Open Access Original Research Article

Soil Fungal and Bacterial Populations in White Lupin (Lupinus albus) - Maize (Zea mays L) Cropping System Amended With Minjingu Phosphate Rock

Joyce J. Lelei, Richard N. Onwonga

Journal of Agriculture and Ecology Research International, Page 1-17
DOI: 10.9734/JAERI/2014/11036

Aims: To determine fungal and bacterial populations under white lupin (Lupinus albus) - maize (Zea mays L) cropping system amended with Minjingu Phosphate Rock (MPR).
Study Design: A randomized complete block design with four replicates was used. Treatments were; (i) control i.e. fallow (F) – maize (M) rotation with triple super phosphate fertilizer (TSP) applied (MTSP - F), (ii) fallow - maize rotation with MPR applied (MMPR - F), (iii) white lupin (L) – maize rotation with MPR applied (MMPR - L) and (iv) maize/white lupin intercrop with MPR applied (M/LMPR - F).
Place and duration of study: The experiment was conducted in Njoro sub-County, Kenya during the long (LRS) and short rain seasons (SRS) of 2010 and 2011.
Methodology: Population of bacteria and fungi were determined at seedling, flowering and maturity stages of crop development by serial dilution plate method (Johnson and Curl, 1972).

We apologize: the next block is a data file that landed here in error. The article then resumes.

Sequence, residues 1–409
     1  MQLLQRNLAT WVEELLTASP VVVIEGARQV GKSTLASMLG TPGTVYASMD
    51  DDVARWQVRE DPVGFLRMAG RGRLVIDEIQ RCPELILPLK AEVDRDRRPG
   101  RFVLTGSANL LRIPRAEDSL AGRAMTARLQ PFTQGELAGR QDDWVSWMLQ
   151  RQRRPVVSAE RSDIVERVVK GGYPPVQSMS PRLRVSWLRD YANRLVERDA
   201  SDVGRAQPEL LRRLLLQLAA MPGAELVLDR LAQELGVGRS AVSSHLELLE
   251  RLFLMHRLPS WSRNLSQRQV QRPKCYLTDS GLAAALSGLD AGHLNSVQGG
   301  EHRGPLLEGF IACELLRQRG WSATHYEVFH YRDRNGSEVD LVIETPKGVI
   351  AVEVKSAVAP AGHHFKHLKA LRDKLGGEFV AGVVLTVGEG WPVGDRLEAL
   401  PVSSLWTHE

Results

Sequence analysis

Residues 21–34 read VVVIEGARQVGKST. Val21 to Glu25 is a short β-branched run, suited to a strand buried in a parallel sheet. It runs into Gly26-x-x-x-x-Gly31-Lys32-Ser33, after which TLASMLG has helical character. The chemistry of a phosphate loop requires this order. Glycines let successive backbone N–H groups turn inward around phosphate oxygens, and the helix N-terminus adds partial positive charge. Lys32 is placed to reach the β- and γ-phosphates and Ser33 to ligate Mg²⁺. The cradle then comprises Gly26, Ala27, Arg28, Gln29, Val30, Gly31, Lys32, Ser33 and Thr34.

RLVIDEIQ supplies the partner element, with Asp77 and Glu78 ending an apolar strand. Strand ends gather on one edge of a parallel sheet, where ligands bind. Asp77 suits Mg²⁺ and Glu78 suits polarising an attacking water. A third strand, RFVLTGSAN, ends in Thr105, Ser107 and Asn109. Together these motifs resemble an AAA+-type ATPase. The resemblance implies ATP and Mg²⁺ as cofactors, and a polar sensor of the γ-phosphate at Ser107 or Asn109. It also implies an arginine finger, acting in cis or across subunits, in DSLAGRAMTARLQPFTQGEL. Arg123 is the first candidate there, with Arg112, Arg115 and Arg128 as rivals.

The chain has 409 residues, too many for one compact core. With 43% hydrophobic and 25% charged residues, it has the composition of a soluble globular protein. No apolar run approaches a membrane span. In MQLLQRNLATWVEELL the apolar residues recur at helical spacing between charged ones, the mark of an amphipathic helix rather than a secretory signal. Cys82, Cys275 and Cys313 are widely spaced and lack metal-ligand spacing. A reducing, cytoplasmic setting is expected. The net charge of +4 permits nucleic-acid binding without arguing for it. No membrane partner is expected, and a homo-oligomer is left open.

Results: Significantly higher bacterial population was recorded in MTSP- F at maize seedling and 50% flowering in LRS of 2010 and 2011. At maturity, treatments M/LMPR – F in LRS of 2010 and M/LMPR – F and MMPR- L in LRS of 2011 had significantly higher population. In the SRS of both years, bacterial population was significantly higher in MTSP- F and M/LMPR – F at all sampling periods. In the LRS of 2010, fungal population was significantly higher in MTSP-F at maize seedling and in MTSP- F and M/LMPR – F at 50% flowering and maturity. In the LRS of 2011, fungal population was significantly higher in M/LMPR – F followed by MMPR- L at all maize growth stages. During the SRS of both years fungal population was significantly higher in MMPR- L across all sampling periods. Positive correlation between fungal and bacterial populations was found at termination of experiment.